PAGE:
In its more restricted sense trespass is generally used for entry on land without lawful authority by either a man, his servants or his cattle. To maintain an action for such trespass the plaintiff must have possession of the premises. The quantum of possession necessary to enable him to bring the action is often a question difficult to decide. In most instances the tenant can bring trespass, the reversioner only case. Remedies for trespass are either judicial or extra-judicial. The most minute invasion of private right is trespass, though the damages may be nominal if the injury was trivial. On the other hand, they may be exemplary if circumstances of aggravation were present. Pleading in the old action of trespass was of a very technical nature, but the old-fashioned terms alia enormia, replication de injuria, new assignment, etc, once of such frequent occurrence in the reports, are of merely historical interest since the introduction of a simpler system of pleading, unless in those American states where the old pleading has not been reformed. The venue in trespass was formerly local, in case transitory. In addition to damages for trespass, an injunction may be granted by the court. The principal instances of extra-judicial remedies are distress damage feasant of cattle trespassing, and removal of a trespasser without unnecessary violence, expressed in the terms of Latin pleading by molliter manus imposuit. Trespass may be justified by exercise of a legal right, as to serve the process of the law, or by invitation or license of the owner, or may be excused by accident or inevitable necessity, as deviation from a highway out of repair. Where a man abuses an authority given by the law, his wrongful act relates back to his entry, and he becomes a trespasser ab initio, that is, liable to be treated as a trespasser for the whole time of his being on the land. Mere breach of contract, such as refusal to pay for wine in a tavern which a person has lawfully entered, does not constitute him a trespasser ab initio. A trespass of a permanent nature is called a continuing trespass; such would be the permitting of one's cattle to feed on another's land without authority.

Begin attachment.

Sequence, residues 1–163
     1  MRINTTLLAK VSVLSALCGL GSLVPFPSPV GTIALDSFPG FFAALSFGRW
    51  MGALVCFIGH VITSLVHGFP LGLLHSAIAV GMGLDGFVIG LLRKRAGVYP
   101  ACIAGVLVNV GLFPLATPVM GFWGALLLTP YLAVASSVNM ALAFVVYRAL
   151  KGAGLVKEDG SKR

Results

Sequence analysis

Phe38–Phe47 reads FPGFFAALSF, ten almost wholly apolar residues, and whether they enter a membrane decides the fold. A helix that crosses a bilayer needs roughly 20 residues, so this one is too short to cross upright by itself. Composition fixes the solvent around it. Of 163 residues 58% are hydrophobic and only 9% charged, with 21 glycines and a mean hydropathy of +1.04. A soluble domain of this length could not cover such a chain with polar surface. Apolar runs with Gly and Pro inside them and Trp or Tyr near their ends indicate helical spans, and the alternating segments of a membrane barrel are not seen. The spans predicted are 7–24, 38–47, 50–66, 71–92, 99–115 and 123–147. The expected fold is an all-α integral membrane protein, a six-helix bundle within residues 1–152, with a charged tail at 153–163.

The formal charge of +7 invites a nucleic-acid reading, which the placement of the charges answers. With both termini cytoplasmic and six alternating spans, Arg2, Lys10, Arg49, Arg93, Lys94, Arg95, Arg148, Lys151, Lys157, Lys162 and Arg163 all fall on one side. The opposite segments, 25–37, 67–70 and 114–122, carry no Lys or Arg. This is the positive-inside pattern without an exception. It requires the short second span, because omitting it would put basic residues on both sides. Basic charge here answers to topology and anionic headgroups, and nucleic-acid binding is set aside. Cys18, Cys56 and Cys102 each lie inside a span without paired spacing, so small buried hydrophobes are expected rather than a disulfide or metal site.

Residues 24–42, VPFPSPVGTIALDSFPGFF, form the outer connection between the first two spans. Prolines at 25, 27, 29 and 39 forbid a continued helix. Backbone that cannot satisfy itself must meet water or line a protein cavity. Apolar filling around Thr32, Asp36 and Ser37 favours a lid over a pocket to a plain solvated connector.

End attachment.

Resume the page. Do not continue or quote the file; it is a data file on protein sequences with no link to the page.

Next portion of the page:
In Scots law trespass is used only for torts to land. By the Trespass (Scotland) Act 1865 trespassers are liable on summary conviction to fine and imprisonment for encamping, lighting fires, &c., on land without the consent and permission of the owner.

Trespass law

Although criminal and civil trespass laws vary from each jurisdiction, the following facets are common:

  • Property owners and their agents (for example, security guards) may only use reasonable force to protect their property. For example, setting booby traps on a property to hurt trespassers and shooting at trespassers are usually forbidden except in extreme circumstances. Several US states, however, preserve to varying degrees the Castle Doctrine, a concept from English common law allowing the use of deadly force against trespassers. The US state of Texas in particular has especially broad guidelines for the acceptable use of deadly force.
  • Not all persons seeking access to property are trespassers. The law recognizes the rights of persons given express permission to be on the property ("invitees") and persons who have a legal right to be on the property ("licensees") not to be treated as trespassers; for example, a meter reader on the property to read the meter. A police officer seeking to execute a warrant is a licensee. A surveyor studying the land for government use (usually map making). Someone such as a door-to-door salesman or missionary (a Jehovah's Witness or Mormon for example), would be a solicitor and not afforded the invitee exclusion to enter the private portion of the premises, and therefore be a trespasser. In a more recent case, Jehovah's Witnesses refused to get government permits to solicit door-to-door in Stratton, Ohio. In 2002, the case was heard in the U.S. Supreme Court. The Court ruled in favor of the Jehovah's Witnesses, holding that making it a misdemeanor to engage in door-to-door advocacy without first registering with the mayor and receiving a permit violate the first Amendment as it applies to religious proselytizing, anonymous political speech, and the distribution of handbills.